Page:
Gretchen demonstrated the process for making a monotype. Simply, we applied ink to a plexiglas plate using a variety of tools, placed paper on the plate, covered the paper with layers of thick felt and then using the printing press, rolled over the paper and plate. The ink transfers to the paper. Voila. Monotype is a misleading term because we made a second or even third image with the same inked plate. These additional prints are called "ghosts." They're more subtle than the original image. In many cases I liked them better. Gretchen stretched out a kind-of clothesline across the room. We used old wooden clothes pins to hang the finished (or soon to be finished) prints up on the line. I really enjoyed walking up and looking at my pieces. Most of the time I used a smaller plate. It just felt right. Gretchen encouraged me to make larger prints and I did do a few.

I liked this one in particular. It has an original print and then a ghost on top of it.

I addition to the monotype process we incorporated collage. I picked out interesting pieces from a huge box of scraps and then went outside to spray 3M Super 77 adhesive on the back of my scraps (yes, wearing a face mask). For the collage, we inked a plate and then laid the scraps with adhesive, glue side up, on top of the inked plate. Then added the paper, rolled the press, and held our breath as we peeled the paper off to see the results. I liked this one.

It was a great day. Tiring, exciting, and peaceful, too.  I learned a lot. Halfway through we headed off to the 29 Palms Inn, owned by Gretchen's mother. We had a great lunch outside in the sun next to the pool. We chatted with folks at the other tables. We didn't rush. We strolled back to the center, worked the rest of the afternoon, and then packed up my prints so I could head back to Palm Desert.

This is a photo of Gretchen.

I had to stop on the return trip and snap a few photos of a Joshua Tree. They are really wonderful to look at and so otherworldly.

I drove back to Palm Desert listening to a local radio station and making mental notes of places to explore and things to do; hiking in Joshua Tree, of course, and the Morongo Canyon Preserve; making a blog posting of the printmaking adventure, thinking of ways to explore printing back at home - specifically on fabric. I'm smiling thinking of this now. What I'm trying to say is that I absolutely enjoyed this in different ways at different times. It was fun to discover the Creative Center on the web; to look forward to the day, and early in the morning, to drive out to 29 Palms without knowing what it would be like. I had a great day printing. And I came home a changed person for what I had seen and done. Isn't life grand?

Sunday, March 8, 2009

Beads, beads, beads

It's like magic. We arrive in Palm Desert and I'm drawn to The Hacienda Anura Bead Company. The shop is like a pirates treasure, baskets of beads, all colors and sizes, handmade bobbles, carvings, semi-precious stones, and dreamy little trinkets. I was looking for turquoise beads to string for my mother. Last year the shop's owner, Claire, taught me how to string pearls. This is what I bought, aren't they gorgeous?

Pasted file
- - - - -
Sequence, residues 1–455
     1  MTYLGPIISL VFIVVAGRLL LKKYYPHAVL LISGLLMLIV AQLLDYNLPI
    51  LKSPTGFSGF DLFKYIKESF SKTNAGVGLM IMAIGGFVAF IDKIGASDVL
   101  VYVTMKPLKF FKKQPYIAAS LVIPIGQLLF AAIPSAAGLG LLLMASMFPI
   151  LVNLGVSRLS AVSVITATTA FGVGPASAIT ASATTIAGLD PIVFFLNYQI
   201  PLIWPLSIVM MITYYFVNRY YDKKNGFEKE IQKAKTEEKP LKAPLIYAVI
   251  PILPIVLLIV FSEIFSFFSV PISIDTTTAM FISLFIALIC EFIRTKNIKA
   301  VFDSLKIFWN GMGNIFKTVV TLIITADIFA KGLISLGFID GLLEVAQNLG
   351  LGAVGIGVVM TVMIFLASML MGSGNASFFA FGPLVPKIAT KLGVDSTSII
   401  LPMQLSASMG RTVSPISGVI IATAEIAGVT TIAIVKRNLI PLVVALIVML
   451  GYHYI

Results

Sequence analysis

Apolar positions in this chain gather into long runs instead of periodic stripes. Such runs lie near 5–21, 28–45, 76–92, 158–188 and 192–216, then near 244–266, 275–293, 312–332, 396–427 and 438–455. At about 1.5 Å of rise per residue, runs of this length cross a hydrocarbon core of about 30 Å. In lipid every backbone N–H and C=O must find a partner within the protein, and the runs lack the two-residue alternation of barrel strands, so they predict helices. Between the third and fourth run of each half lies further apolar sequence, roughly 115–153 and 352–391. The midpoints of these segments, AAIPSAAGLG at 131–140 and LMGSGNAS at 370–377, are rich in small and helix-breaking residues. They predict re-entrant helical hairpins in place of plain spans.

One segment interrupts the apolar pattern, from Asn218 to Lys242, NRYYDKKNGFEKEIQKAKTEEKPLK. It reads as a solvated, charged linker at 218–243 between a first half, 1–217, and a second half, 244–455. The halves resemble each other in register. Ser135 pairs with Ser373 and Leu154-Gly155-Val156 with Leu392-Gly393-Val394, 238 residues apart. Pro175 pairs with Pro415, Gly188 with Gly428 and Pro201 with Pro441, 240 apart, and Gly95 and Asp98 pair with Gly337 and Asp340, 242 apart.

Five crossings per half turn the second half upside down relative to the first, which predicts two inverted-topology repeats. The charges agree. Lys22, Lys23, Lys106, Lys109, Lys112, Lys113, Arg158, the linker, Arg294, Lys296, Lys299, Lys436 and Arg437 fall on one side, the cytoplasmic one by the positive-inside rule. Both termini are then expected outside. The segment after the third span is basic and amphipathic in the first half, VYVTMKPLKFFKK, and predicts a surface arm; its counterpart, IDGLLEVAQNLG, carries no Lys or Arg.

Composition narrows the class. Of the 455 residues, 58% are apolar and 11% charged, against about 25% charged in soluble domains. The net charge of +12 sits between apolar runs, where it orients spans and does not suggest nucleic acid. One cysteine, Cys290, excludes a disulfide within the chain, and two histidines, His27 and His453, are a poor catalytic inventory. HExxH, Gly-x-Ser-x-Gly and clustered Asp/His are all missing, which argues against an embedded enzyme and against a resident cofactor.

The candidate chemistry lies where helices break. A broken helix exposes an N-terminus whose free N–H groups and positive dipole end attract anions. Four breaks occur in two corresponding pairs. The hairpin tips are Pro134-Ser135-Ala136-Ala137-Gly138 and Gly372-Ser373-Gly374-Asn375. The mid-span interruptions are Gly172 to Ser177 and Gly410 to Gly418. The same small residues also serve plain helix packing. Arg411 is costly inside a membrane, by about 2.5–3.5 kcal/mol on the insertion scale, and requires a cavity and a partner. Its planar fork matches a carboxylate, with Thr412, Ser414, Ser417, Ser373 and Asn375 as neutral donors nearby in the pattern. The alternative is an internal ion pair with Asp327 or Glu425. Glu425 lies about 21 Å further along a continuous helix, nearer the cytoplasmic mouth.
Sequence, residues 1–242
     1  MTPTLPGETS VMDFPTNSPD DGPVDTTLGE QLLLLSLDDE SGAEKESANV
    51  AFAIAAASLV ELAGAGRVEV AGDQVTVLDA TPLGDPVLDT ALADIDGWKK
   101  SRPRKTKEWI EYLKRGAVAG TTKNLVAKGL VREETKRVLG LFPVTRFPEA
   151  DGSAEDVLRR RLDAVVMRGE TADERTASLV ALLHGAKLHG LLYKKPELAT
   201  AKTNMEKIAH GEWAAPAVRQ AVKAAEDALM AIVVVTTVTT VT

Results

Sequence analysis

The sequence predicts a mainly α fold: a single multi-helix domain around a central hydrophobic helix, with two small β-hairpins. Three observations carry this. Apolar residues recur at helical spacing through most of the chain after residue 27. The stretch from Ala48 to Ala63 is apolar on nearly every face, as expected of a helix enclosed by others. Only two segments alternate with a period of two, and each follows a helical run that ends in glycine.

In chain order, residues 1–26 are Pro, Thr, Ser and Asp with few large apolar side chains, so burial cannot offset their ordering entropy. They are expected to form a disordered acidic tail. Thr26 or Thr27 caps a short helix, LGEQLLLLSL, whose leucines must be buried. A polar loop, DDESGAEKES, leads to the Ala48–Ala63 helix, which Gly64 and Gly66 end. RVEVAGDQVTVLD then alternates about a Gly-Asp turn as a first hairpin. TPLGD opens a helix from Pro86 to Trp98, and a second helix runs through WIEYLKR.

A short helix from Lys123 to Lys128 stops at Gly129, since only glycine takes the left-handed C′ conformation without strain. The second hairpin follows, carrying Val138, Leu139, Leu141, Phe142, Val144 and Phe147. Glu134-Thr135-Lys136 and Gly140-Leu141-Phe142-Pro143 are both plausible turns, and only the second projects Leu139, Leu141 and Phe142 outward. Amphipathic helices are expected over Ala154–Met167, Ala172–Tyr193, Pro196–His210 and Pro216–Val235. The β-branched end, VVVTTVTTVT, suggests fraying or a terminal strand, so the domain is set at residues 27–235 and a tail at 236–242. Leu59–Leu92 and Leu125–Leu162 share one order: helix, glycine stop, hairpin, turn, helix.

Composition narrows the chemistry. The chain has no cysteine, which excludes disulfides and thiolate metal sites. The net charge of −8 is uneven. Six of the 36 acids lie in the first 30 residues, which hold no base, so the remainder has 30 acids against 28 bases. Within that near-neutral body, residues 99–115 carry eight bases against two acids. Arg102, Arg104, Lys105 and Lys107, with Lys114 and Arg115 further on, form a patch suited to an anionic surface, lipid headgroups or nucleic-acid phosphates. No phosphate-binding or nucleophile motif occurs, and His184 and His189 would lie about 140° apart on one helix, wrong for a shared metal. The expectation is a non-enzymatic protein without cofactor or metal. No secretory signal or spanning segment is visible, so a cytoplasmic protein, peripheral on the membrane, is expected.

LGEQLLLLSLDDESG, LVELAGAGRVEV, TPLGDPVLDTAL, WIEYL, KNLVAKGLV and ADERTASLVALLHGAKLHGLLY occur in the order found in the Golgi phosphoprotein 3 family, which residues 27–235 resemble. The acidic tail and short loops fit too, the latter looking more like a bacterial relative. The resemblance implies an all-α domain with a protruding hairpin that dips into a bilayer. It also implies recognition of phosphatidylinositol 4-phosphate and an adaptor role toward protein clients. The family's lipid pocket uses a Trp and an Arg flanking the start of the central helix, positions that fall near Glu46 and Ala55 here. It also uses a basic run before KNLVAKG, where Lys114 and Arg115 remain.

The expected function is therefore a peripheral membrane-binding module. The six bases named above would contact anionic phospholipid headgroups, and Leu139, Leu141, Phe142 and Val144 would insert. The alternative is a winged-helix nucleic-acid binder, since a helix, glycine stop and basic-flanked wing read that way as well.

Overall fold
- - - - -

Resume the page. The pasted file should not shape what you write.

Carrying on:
I couldn't help but take photos of the bead collection. They're on the walls, the tables, in baskets and bins - everywhere!

I think this could be an abstract painting or a wild printed fabric.

And these look almost edible.

This is Claire. See the drawing on the wall? That's Licken, Claire's doberman, a grand old gal. I brought the drawing to Claire when we were here in November. I was so pleased to see it on the wall.

Why do I make jewelry? Part of the joy is imagining the project, rolling it around in my mind before it's ever drawn on paper. Then there's the joy of finding just the right beads or stone. Part of the joy is the process, tying the knots or hammering the silver. There is the joy of finishing. And the great joy of giving it away and seeing the finished product worn.

Desert Holocaust Memorial

The sun was shining brightly, the air warm, and yet the light posts depicting barbed wire fences surrounding Nazi concentration camps chilled me. The trees bordering the memorial represent life outside the camps. With trepidation, I stepped inside the circle.
My mind wandered to Luxembourg visiting my friend, Victoria. We traveled together to Germany. With dread, I visited Dauchau, the Nazi concentration camp outside of Munich. Like today, the sun was bright. Tourists strolled and smiled. My heart pounds and my palms are damp remembering. That's what these memorials are for, remembering the horror and remembering those who lived and died.
I wanted to turn my eyes away from the larger than life sculpture in the center of the circle. The faces spoke to me and brought tears to my eyes. Each image representing those who suffered greatly, millions of innocent people. With numbers that large - millions - it's hard for me to grasp. But when I think of each person. Each individual. Like me, or my mother or father, my sister or brother, I ache for them. Each one of those millions who are gone.
I left with few photos. But with hope for the future and gratitude for my life and freedom.

Thursday, March 5, 2009

Eisenhower Peak